I can remember when I was younger, a good friend of mine Matthew F Knouff, passed me a cassette tape of some rap music, music like which I had never heard before. From the moment that I started listening to this music on my Walkman (yes, that long ago,) I was absolutely hooked and ever since way back then, I have been a huge hip hop head. The industry has changed somewhat throughout the years but I still like to keep on top of what is hot. I was asked by a good friend of mine recently to list my top 3 hip hop albums of all time and after 3 weeks of thinking about it, here are my final selections, let me know what you think.
Nas – Illmatic
I was slightly reluctant to choose this album because of the amount of times that it features at number 1 spot one magazines make lists such as these. With that being said, I simply can’t leave this 93 classic out and for me, it is probably the best hip hop album ever recorded. What Nas does on this record is perfectly tell the story of life in early 90s New York and he does so with a flow and a style which has never been rivaled. Nas is no normal rapper and he perfectly took on his influences to create this seminal hip hop album.
Snoop Dogg – Doggystyle
This was the cassette that was passed to me at such a young age and it is the worldwide arrival of the now super-famous, Snoop Doggy Dogg. In the wake of Gangsta Rap, Dr. Dre and Snoop Dogg set about changing the face of rap music with this funky and fun album. Snoop’s flow is so smooth on this record and with Dre digging through his collection of Parliament and Funkadelic samples to create G-Funk, this was a match made in rap heaven. Much like Nas after Illmatic, Snoop was never able to release another album quite like Doggystyle and this was without question one of the most important rap albums of all time.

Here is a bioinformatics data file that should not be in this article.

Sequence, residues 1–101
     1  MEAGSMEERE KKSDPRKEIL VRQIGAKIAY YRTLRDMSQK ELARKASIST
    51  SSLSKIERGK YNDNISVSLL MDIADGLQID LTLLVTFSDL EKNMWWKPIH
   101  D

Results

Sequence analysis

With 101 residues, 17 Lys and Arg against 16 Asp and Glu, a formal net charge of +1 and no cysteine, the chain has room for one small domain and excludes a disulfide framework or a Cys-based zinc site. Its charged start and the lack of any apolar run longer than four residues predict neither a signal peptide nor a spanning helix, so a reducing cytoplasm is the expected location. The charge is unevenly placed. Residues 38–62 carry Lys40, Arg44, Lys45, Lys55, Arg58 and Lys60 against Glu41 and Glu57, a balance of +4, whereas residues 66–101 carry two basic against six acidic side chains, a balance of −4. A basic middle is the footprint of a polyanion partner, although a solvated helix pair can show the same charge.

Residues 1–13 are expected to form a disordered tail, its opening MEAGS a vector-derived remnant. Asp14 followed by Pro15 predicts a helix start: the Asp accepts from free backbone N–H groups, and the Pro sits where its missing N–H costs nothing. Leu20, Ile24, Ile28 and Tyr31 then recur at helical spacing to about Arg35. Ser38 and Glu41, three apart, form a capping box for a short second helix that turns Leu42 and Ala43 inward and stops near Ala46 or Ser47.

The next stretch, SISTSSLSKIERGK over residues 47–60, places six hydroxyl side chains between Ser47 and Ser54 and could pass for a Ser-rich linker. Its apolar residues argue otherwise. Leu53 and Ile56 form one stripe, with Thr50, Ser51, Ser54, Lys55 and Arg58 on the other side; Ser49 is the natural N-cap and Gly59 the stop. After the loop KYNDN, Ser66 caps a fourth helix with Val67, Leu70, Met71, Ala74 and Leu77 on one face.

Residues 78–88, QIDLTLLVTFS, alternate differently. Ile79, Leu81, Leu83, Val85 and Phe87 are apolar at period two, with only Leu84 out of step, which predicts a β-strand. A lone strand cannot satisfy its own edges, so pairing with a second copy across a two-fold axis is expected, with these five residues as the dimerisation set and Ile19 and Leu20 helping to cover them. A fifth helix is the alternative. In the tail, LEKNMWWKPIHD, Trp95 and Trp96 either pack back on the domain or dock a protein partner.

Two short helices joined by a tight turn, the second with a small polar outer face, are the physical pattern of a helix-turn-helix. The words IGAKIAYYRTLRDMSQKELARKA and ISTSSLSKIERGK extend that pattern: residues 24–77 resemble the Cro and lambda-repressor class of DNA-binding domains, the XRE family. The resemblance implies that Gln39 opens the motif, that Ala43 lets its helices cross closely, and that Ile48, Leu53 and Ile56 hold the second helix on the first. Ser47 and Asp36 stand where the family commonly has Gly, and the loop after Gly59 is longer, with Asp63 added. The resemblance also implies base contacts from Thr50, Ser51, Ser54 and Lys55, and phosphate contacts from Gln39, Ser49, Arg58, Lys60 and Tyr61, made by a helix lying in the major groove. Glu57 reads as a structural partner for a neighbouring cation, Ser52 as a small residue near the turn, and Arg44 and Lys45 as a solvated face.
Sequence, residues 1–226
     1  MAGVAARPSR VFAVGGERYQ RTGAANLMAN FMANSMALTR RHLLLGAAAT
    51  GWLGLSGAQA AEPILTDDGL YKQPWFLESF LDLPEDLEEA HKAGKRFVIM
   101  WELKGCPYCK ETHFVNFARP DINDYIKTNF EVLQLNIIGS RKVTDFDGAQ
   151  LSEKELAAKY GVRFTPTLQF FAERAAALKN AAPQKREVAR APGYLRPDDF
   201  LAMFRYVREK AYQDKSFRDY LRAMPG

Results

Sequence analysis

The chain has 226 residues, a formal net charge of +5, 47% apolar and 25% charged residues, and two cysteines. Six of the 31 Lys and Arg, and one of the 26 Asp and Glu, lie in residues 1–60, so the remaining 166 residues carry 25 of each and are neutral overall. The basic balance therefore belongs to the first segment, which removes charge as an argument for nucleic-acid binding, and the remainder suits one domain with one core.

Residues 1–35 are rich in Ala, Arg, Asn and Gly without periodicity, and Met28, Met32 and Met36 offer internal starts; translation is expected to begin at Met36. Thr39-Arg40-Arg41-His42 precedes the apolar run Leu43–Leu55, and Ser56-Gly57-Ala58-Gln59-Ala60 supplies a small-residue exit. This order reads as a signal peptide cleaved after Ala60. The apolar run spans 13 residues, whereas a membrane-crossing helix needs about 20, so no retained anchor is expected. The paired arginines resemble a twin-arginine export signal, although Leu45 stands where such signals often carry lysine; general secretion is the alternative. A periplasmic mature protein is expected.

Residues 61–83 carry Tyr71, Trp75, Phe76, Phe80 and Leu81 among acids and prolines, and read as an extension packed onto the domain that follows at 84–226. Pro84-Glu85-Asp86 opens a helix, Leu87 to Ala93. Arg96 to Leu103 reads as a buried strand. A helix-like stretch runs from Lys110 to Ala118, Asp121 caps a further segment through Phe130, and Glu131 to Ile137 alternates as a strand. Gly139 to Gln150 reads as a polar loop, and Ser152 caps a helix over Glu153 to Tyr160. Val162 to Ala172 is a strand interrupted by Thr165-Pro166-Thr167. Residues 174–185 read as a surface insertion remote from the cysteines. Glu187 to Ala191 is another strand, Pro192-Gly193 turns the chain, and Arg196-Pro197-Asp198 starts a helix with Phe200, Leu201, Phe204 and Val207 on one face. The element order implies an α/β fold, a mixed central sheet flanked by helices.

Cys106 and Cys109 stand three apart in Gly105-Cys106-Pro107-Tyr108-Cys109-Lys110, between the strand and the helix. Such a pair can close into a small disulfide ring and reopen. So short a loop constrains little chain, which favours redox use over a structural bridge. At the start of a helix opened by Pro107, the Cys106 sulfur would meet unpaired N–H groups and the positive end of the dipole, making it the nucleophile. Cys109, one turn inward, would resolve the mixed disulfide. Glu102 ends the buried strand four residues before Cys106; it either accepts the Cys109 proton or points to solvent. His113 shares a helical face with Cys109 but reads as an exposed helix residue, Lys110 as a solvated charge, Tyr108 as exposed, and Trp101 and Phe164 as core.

Kendrick Lamar – DAMN
In a world where rappers seem to have got list in amongst autotune and pop choruses, it was incredibly refreshing to hear Compton rapper Kendrick Lamar take over the game with his honest and brutal storytelling. Lamar manages to channel the influences of early 90s hip hop and splice it with a modern and gritty sound. Lamar’s tales about his upbringing and his life in the streets are shocking and entertaining and he conveys feelings in a way that no rapper has ever since the golden era in the mid 90s. Lamar should be respected by the entire hip hop community for the fact that he has successfully managed to not only revive a dying form of music, but also drag it into the future. This is exactly what Lamar has done on his 3rd studio album DAMN, and this is an album that will stand up to the test of time.